You learn a lot when you move from investigator to subject. I just heard about Drive-by Tylenol for day-care and school age kids. This is the practice of stuffing a couple of Tylenol down the little tyke’s throat to bring down a fever just before entering the daycare center. The objective is to get 4 or 5 hours of work in before being called to school because your child has a fever. The underground lore about it includes not using any flavored Tylenol preps with red dye in them so that when the child urps up everthing after lunch there will be no tell-tale pink color savvy teachers will recognize. The teachers have no such problem. Many of them are also coming to the classroom sick. We don’t pay teachers well and many have no benefits. They can’t afford to miss work any more than their parents can miss work when their kids are sick. According to the Center for Economic and Policy Research, the US is alone among 22 wealthy nations not having a mandatory sick leave policy:
“Working Americans can’t afford to stay home when they’re sick because they don’t have paid sick days,” said Dr. Jody Heymann, Director of the Institute for Health and Social Policy and Professor of Epidemiology at McGill University and lead author of the report. “The lack of paid sick days puts Americans at substantially greater risk of contagious diseases – from the flu, which kills thousands annually, to diarrheal disease, respiratory infections, and the threat of new diseases like the H1N1 flu virus.”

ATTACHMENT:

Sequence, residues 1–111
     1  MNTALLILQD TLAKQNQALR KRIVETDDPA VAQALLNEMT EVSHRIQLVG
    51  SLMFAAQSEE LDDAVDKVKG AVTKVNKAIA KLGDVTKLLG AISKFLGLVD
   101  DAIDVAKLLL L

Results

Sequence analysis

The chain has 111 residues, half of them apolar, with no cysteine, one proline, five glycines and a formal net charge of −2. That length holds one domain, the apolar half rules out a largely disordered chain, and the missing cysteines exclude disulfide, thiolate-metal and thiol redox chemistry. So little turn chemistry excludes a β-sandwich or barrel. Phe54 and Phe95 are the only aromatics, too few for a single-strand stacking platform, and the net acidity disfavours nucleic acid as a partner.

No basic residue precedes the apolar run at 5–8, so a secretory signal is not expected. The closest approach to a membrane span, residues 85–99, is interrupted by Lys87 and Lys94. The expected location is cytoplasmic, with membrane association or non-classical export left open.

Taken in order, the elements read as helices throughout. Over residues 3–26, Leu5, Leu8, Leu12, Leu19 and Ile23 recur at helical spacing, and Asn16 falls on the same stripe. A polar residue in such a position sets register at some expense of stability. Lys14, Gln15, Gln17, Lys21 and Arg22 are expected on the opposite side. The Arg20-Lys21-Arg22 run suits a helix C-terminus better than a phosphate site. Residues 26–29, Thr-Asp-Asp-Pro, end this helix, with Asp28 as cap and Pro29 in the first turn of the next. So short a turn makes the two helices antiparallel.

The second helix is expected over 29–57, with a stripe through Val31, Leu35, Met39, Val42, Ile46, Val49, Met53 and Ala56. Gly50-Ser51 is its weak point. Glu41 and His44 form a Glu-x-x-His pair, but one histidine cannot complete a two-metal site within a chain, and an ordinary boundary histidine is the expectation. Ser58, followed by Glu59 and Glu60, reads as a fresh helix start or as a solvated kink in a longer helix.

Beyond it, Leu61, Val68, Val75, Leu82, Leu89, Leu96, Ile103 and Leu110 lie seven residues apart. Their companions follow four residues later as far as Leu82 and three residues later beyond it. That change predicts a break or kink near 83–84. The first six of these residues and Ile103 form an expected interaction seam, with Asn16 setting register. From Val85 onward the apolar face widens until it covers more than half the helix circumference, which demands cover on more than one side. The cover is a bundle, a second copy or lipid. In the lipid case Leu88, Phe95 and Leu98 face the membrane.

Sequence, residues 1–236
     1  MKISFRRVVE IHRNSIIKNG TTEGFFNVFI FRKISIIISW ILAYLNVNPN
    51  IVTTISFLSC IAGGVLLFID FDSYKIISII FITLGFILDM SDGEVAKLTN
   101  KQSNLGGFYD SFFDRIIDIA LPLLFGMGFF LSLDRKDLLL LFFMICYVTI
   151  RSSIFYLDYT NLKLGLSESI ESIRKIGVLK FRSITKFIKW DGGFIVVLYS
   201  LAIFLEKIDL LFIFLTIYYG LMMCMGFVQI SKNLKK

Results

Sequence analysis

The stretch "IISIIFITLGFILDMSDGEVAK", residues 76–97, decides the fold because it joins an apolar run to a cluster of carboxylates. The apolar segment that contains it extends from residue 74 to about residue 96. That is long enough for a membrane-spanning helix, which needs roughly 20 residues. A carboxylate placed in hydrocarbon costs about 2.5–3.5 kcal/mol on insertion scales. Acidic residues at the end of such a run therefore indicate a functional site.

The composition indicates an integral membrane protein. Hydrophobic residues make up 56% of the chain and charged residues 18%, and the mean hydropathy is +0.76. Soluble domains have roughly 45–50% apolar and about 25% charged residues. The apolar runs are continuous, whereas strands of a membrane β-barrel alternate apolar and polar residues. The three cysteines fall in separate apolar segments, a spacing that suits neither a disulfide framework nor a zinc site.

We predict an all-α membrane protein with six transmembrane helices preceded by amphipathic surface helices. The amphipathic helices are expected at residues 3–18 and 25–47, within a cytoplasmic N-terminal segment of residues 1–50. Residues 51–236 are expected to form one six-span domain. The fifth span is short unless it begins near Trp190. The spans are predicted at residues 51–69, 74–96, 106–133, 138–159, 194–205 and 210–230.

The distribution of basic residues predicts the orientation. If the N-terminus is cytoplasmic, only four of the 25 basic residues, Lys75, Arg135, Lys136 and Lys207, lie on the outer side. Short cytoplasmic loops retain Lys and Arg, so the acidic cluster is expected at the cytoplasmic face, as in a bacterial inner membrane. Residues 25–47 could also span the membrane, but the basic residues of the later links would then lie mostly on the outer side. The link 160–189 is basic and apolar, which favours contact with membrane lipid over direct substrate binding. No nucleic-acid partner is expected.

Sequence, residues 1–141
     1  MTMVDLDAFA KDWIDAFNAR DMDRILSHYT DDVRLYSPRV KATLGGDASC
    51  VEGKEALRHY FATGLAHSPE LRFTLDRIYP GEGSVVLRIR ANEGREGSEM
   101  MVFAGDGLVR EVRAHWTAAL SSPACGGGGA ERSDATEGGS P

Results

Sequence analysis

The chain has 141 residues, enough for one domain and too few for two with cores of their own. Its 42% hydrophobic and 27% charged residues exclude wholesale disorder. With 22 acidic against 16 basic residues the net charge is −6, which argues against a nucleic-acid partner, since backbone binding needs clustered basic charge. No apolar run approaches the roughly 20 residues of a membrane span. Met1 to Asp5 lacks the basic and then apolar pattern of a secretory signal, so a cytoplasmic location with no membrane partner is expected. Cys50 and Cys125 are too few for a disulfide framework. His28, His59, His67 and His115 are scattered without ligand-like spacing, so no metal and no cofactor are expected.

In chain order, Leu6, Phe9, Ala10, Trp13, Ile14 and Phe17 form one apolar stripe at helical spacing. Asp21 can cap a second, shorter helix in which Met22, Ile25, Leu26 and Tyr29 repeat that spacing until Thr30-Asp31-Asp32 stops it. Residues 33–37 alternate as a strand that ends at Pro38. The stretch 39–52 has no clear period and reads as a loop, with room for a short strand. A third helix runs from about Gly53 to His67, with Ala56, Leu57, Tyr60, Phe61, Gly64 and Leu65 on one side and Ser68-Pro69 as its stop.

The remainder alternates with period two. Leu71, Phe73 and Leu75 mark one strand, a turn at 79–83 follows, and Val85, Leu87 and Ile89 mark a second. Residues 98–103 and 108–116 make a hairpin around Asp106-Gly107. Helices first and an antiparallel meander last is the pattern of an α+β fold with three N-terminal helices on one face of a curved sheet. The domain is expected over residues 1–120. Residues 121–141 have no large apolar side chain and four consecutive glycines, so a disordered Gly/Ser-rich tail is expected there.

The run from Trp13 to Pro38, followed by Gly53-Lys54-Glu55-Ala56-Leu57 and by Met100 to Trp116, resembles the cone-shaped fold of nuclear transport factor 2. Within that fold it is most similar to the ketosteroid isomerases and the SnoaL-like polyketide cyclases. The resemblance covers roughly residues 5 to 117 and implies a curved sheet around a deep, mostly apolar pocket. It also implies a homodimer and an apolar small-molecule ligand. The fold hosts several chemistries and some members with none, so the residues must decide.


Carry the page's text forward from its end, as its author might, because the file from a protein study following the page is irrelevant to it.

To compare the various national policies, the authors calculated employer- or government- provided financial support available to workers facing a bout of flu requiring that they miss five days of work or a cancer treatment requiring that they miss fifty days of work.
The authors show that the United States is the only country in the study that does not provide paid sick leave for a worker undergoing a fifty-day cancer treatment and that only three countries – the United States, Canada and Japan – have no national policy requiring employers to recover from the flu. (Center for Economic and Policy Research [CEPR])
This is argued as an economic policy, but it has real and tangible public health implications, as in the practice of Drive-by Tylenoling or working sick “presenteeism.” In an economic downturn, relying on employers to subsidize public health with a sensible sick leave policy is unrealistic and in fact is a clear failure. The result is billions of dollars of loss to communities in infected kids, co-workers and customers, not to mention the pain, misery and potentially fatal consequences.
In May, Rep. Rosa DeLauro (D-Conn.) sought to remedy this disgraceful record by introducing a bill mandating up to 7 paid sick days a year:
DeLauro’s bill would allow workers to earn one hour of paid sick leave for every 30 hours worked.* She stressed that it provides protections for businesses — companies with fewer than 15 employees will be exempt, and companies that already provide leave won’t have to change their policies.
DeLauro said that the bill will bring government policy in line, not just with other countries, but with the modern American lifestyle, in which it’s less and less common for a household to have a stay-at-home parent to care for sick children, so a parent loses out on wages or a sick kid infects his classmates at school.
“Our public policy has not caught up with the way today people are living their lives.” (HuffPo)
This isn’t a giveaway. You’d have to work more than 4 years to get the maximum sick leave, but it’s at least a move in the right direction (forward). And we’re currently standing still — or worse.
I am seeing up close what these kind of sick leave non-policies produce in the context of a flu outbreak: Drive-by Tylenol.